FIG. 3 is a timing chart showing example rotation speeds and time durations for rotating a substrate in the method for forming a coating with a coating liquid according to an embodiment of the present invention;

FIG. 4 is a graph showing the film thickness distributions of resist formed under the improved coating liquid method under the First Example conditions according to an embodiment of the present invention;

FIG. 5 is a graph showing the film thickness distributions of an i-line resist coating formed by the improved coating liquid method including a step of stopping the substrate by decelerating at 30,000 rpm/sec;

FIG. 6 is a timing chart showing example rotation speeds and time durations for rotating a substrate in a method for forming a coating with a coating liquid according to the Reference Example;

FIG. 7 is a graph showing first film thickness distributions of an i-line resist coated by the method for forming the resist with a coating liquid using the timing chart of FIG. 6;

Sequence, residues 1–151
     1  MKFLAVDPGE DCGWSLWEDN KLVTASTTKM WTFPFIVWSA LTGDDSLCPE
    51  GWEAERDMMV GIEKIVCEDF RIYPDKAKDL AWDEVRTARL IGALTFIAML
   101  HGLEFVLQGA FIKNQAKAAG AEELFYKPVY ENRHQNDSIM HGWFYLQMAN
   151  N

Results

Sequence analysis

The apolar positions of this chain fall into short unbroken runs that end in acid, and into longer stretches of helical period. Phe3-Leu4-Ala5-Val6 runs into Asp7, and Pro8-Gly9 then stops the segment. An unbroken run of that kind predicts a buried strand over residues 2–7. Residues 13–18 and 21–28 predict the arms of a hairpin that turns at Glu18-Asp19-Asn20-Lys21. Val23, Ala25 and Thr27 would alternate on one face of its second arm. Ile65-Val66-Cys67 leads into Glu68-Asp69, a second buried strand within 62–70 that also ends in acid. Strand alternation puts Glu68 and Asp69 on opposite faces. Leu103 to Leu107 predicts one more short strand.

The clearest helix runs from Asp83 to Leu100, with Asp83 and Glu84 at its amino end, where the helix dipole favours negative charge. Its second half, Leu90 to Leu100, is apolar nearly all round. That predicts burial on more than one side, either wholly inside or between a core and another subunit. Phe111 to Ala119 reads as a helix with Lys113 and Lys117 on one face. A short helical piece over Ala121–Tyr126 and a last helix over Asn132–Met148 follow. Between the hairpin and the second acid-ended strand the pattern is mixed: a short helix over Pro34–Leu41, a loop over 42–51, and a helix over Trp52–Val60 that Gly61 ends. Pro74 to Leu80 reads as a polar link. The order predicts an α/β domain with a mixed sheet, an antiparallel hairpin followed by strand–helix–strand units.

FIG. 8 is a graph showing second film thickness distributions of the i-line resist coated by the method for forming the resist with a coating liquid using the timing chart of FIG. 6;

FIG. 9A is a chart showing the flatness of the i-line resist film coated by the method for forming a coating with a coating liquid using the timing chart shown in FIG. 3, and FIG. 9B is a chart showing the flatness of the i-line resist film coated by the coating liquid method using the timing chart shown in FIG. 6;

FIG. 10 is a graph showing the film thickness distributions of a KrF resist formed by a method for forming a coating with a coating liquid using the Second Example conditions, according to an embodiment of the present invention;

FIG. 11 is a graph showing the film thickness distributions of a KrF resist formed by a method for forming a coating with a coating liquid including the step of stopping the substrate by decelerating the substrate at 30,000 rpm/sec;

FIG. 12A is a chart showing the flatness of a KrF resist film formed by a method for forming a coating with a coating liquid according to the timing chart shown in FIG. 3, and FIG. 12B is a chart showing the flatness of a KrF resist film formed by a method for forming a coating with a coating liquid according to the timing chart shown in FIG. 6;